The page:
doctrine, which at that time, unwittingly remained "good
law," it cannot be concluded that the CA committed a
grave abuse of discretion based on its legal attribution.
However, the condonation doctrine should be
abandoned. There is no constitutional or statutory
basis to support it.
The continued application of the condonation doctrine is
simply inconsistent and impermissible under the
auspices of the present Constitution which
explicitly mandates that public office is a public
trust and that public officials shall be accountable
to the people at all times.
Election is not a mode of condoning an administrative
offense.
In fact the LGC and the RRACCS precludes condonation
since in the first place, an elective local official who is
meted with the penalty of removal could not be reelected to an elective local position due to a direct
disqualification from running for such post.
There is no presumption in any statute or
procedural rule that the electorate, when re-electing a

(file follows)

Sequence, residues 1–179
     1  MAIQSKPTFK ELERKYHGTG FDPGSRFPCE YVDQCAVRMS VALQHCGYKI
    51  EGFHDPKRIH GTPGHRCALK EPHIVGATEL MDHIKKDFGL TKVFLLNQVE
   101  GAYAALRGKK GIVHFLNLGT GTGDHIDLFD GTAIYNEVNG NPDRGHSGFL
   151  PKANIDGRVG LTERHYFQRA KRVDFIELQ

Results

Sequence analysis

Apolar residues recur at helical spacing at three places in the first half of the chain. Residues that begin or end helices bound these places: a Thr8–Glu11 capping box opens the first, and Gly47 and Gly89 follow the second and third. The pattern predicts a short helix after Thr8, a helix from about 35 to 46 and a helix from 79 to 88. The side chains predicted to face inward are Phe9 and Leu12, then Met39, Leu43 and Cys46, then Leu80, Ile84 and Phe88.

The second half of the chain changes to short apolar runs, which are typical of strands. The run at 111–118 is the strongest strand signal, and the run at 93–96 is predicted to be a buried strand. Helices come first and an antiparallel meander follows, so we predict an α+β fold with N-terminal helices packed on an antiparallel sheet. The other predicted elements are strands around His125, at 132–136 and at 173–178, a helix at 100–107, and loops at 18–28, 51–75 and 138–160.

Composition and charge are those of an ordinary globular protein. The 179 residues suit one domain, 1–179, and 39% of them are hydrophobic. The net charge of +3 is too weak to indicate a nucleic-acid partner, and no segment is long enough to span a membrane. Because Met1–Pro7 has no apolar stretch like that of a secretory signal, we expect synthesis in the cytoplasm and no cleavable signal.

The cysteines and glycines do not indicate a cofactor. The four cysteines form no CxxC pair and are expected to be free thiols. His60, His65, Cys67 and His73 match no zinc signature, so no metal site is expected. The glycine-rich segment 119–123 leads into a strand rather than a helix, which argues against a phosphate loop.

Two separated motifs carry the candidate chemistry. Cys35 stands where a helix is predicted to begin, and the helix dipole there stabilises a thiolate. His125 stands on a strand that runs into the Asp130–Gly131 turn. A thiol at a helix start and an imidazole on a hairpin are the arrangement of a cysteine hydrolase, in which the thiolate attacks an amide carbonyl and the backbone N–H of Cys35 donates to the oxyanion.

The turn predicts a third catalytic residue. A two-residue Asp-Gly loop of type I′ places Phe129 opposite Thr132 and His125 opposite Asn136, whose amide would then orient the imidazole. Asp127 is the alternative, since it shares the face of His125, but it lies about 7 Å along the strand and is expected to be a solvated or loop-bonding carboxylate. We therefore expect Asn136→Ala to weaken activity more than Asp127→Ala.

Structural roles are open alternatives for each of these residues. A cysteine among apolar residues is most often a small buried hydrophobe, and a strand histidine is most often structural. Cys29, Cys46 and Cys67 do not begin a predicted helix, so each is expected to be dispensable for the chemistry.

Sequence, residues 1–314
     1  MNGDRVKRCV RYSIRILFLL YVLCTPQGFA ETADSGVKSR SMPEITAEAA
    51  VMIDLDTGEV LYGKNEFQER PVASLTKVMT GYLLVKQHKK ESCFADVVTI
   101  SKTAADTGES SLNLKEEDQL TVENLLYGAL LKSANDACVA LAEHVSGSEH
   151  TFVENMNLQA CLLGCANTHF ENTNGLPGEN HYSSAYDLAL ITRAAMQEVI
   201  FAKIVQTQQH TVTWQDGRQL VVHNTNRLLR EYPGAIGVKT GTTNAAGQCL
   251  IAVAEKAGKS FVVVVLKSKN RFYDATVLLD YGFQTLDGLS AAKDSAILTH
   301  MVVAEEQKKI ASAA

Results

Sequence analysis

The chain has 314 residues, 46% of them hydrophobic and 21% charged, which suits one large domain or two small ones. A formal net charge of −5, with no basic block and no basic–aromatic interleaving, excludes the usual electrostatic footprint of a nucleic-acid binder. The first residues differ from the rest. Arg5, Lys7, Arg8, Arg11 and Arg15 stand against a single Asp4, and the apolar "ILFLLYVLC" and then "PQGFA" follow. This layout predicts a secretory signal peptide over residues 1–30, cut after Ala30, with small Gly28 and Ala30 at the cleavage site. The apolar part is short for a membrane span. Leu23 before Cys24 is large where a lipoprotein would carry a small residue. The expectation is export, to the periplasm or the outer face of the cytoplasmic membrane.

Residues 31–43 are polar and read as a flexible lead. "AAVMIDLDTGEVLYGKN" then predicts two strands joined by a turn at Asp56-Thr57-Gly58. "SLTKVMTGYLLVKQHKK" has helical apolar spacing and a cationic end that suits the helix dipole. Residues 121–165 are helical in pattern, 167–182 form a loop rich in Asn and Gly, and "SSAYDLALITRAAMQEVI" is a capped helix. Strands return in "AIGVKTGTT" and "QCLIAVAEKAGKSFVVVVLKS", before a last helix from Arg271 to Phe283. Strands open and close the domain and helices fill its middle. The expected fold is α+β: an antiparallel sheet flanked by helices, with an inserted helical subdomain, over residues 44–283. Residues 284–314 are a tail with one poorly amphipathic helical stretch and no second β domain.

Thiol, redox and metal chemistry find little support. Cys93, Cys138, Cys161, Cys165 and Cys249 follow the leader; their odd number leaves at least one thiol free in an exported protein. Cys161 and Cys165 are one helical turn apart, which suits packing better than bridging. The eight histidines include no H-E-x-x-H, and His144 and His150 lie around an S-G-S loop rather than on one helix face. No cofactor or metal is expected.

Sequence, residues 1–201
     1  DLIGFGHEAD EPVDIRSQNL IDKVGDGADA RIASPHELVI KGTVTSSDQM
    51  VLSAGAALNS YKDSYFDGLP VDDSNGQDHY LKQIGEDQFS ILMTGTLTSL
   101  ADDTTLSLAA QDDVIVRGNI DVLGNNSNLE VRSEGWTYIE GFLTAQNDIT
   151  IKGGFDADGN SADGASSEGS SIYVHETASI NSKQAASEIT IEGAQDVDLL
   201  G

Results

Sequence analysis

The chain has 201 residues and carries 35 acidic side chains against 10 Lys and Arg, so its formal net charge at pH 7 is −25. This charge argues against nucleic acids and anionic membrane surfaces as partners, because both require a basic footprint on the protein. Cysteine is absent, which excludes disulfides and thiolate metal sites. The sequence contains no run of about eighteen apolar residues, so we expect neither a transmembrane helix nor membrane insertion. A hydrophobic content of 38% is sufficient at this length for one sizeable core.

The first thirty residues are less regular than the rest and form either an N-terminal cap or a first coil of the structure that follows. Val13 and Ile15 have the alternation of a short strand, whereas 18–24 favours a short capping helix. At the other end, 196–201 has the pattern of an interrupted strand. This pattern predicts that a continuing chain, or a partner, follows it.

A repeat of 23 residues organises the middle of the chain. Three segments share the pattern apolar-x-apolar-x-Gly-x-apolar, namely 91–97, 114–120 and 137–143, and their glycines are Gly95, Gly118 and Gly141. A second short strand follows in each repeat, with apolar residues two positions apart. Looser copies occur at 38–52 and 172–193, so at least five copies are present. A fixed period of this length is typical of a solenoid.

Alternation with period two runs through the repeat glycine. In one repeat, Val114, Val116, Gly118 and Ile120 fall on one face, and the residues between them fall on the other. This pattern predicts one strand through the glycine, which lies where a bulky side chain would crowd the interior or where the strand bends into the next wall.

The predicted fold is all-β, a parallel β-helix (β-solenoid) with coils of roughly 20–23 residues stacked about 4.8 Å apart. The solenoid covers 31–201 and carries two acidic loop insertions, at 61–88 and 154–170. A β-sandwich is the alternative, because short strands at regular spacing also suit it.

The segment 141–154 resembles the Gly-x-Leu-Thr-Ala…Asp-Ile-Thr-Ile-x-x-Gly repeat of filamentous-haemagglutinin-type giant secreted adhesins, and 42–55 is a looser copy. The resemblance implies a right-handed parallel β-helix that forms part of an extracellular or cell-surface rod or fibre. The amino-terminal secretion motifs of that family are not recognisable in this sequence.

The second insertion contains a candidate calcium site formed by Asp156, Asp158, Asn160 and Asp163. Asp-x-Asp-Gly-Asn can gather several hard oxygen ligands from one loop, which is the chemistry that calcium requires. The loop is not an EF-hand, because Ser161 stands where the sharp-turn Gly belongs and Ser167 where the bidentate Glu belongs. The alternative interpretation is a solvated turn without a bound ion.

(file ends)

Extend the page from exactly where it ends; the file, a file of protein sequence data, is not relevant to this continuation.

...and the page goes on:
local official, do so with knowledge of his life and
character, and that they disregarded or forgave his
faults or misconduct, if he had been guilty of any.
In reality, most corrupt acts by public officers are
shrouded in secrecy, and concealed from the public.
Condonation presupposes that the condoner has actual
knowledge of what is to be condoned. Thus, there could
be no condonation of an act that is unknown.
However,
the
Court's
abandonment
of
the
condonation doctrine should be prospective in
application. It should be, as a general rule, recognized

as "good law" prior to its abandonment. Consequently,


the people's reliance thereupon should be respected.

administrative cases against Binay, Jr. were all


committed during his prior term, then, applying the
condonation doctrine, Binay, Jr.'s re-election meant that
he can no longer be administratively charged.
Binays contention:

(longer version)
Morales v CA and Binay

Facts:

A complaint was filed against Binay and other public


officers of the City Government of Makati charging them
with administrative cases for Grave Misconduct, Serious
Dishonesty, and Conduct Prejudicial to the Best Interest
of the Service, and criminal cases for violation of RA